Growing up, my Mom was not someone who spoke about the body, except to criticize her own, every once in a while. It wasn’t all the time but still, it put unhelpful thoughts into my head. I grew up not knowing what to expect in terms of my body changing, as my Mom never discussed anything with me. I learned everything on my own. I believe she was not comfortable with her body or how to talk about it because of her upbringing and I guess she thought I would figure it out. Once however, she gave me a something to read once otherwise I was on my own and shortly after my Eating Disorder (ED) crept in.


Thus; the whole being in a body thing is very new to me. To connect with it and not judge it, but to hear its needs, is all new. It is fascinating in some ways and curious in other ways. In the past, I grew fearful of my body changing and my ED made it into a big thing. The fact is, in life our bodies are constantly changing. Each day they are changing.  


We need not fear change but recognise that flowing with changes is part of life. It is learning to be with myself while things change and to stay compassionate. It is learning to not let my ED trick me and to not judge. The connection to the heart; being honest with ourselves is part of breaking free from ED.  


My Recovery Model


It’s been a while since I have seen my little brother. I say “little,” but he is actually 6ft2, a good 5 inches taller than me. Again, I say “little,” but he’s actually a 21 year old man now. Every time I see him, he seems to have grown. There is only 2 years difference in age between us. We grew up together. We both have brown hair and blue eyes and glasses. Yet, I have Anorexia Nervosa (AN) and he doesn’t.

I realised quickly that my brother has a lot to teach me about food and exercise.

If you ask him what a calorie is, he might just be able to tell you it has something to do with food, an ingredient perhaps..?

My brother doesn’t think about food for any other reason than because he is hungry. When he is hungry, he goes to the kitchen and gets what he wants to eat. This is regardless of the time of day. Regardless of what exercise he has done or will do, regardless of what he has already eaten or is going to eat. He doesn’t make choices based on “Healthy” or “unhealthy.” He just eats what sounds good at that moment. Sometimes that’s an apple and sometimes that’s a deep pan pizza from Domino’s.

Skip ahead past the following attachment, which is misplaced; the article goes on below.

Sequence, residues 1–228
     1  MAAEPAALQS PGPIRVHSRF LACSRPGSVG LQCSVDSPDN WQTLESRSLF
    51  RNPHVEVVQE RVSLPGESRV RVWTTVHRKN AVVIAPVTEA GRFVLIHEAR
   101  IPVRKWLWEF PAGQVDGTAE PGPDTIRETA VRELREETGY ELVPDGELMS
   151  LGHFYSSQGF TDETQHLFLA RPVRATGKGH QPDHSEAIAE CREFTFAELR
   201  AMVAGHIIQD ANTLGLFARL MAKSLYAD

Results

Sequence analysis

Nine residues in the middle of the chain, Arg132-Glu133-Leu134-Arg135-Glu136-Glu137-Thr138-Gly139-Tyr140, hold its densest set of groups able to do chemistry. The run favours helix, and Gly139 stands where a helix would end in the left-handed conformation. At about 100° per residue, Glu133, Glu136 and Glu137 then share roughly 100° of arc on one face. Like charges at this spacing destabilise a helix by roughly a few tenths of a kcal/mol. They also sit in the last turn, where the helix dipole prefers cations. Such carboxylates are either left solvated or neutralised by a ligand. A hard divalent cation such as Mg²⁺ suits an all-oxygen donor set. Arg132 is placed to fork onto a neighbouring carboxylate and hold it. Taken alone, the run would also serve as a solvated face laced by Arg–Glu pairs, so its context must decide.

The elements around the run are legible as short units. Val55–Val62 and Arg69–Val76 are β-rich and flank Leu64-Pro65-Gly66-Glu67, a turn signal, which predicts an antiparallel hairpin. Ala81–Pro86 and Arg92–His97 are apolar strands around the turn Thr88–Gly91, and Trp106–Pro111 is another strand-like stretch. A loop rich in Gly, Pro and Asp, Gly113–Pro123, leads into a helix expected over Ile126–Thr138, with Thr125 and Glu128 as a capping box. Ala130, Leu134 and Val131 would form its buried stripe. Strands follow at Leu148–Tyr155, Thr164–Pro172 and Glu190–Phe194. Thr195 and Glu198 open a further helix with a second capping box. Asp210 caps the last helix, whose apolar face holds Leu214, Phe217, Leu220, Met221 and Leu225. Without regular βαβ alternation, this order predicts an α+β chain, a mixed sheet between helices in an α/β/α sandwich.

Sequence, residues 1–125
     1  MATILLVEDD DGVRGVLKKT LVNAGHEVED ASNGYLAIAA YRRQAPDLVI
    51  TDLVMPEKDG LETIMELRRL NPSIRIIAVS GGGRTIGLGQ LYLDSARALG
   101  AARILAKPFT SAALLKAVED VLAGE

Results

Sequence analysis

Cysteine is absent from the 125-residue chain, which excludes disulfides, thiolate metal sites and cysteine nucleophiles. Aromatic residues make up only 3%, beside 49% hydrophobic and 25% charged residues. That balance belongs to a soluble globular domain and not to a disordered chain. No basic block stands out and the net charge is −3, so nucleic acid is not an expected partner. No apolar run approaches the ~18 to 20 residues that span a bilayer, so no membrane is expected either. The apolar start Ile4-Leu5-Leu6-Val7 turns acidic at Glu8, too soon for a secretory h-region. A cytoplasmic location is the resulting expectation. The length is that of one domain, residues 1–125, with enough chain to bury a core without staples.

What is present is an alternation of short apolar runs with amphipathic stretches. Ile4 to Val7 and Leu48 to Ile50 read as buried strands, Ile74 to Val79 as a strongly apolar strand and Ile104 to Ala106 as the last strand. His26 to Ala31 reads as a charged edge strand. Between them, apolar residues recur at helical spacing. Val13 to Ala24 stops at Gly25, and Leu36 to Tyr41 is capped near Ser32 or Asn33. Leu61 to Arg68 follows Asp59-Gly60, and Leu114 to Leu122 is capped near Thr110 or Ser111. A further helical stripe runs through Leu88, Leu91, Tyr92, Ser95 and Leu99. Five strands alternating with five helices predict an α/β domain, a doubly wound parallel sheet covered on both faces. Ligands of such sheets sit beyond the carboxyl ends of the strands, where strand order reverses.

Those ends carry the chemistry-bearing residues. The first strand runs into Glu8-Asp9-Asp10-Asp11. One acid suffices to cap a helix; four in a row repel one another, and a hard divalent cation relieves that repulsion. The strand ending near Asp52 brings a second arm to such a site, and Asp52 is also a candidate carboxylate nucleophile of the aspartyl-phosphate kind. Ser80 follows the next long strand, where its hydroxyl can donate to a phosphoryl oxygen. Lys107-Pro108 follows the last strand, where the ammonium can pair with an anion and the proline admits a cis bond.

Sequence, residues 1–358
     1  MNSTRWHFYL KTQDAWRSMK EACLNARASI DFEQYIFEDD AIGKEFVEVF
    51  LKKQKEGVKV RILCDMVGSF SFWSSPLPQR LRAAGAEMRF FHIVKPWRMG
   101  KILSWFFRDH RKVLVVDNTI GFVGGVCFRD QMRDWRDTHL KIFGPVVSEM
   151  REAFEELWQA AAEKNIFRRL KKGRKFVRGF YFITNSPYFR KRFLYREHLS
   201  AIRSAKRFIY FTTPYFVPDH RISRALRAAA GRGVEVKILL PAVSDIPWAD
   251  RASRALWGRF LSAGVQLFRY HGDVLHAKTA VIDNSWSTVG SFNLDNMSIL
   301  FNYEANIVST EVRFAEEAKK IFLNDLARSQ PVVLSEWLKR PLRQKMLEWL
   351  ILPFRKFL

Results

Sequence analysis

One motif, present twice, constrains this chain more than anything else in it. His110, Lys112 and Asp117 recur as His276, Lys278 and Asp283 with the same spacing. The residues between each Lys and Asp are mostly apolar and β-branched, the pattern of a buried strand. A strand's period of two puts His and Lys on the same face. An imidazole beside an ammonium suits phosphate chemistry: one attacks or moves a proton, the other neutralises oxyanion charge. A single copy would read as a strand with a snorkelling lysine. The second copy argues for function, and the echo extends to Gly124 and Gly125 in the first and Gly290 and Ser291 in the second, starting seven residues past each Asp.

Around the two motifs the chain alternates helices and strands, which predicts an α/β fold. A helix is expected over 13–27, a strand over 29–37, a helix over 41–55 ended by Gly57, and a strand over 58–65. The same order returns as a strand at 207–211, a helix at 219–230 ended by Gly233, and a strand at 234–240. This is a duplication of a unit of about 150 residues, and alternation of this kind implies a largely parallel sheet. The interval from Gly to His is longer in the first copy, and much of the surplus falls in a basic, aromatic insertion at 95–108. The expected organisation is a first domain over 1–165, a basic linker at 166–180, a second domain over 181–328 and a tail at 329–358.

My brother likes to relax. To sleep. To eat. To relax. He is in a road biking group with his friends at University. It’s a social activity and he enjoys it. He likes his fancy carbon fiber bike and fancy biking gear. He recently took part in a 9 hour bike race through the French Pyrenees. Sometimes he goes for 50 mile bike rides and sometimes he goes for 5 miles. Often, he just doesn’t go on a bike ride. There is no schedule or routine, he just goes on a bike ride when the weather is right and he feels like it.

My brother is in general a super chilled out person. He is probably 98% anxiety-free. He might have a small amount of primal anxiety that may manifest itself reluctantly if he was being chased by a ravenous 400kg Grizzly Bear.

My brother is healthy, and he is healthy without ever having thought about what that means. Without “healthy” being something that he strived for or felt that he needed to obtain. He is healthy through eating whatever he wants, whenever he wants. Exercising every now and again, but only if he feels like it.


If there was an antipode to AN, it would probably be my brother; a prime example of an intuitive eater. In my brother, I see the potential for my life without AN. I see what recovery might hold in store. And as unlikely as it might be, I see a recovery role model.

Recovery- glorious, messy, scary, overwhelming, anxiety-producing, beautiful magical process.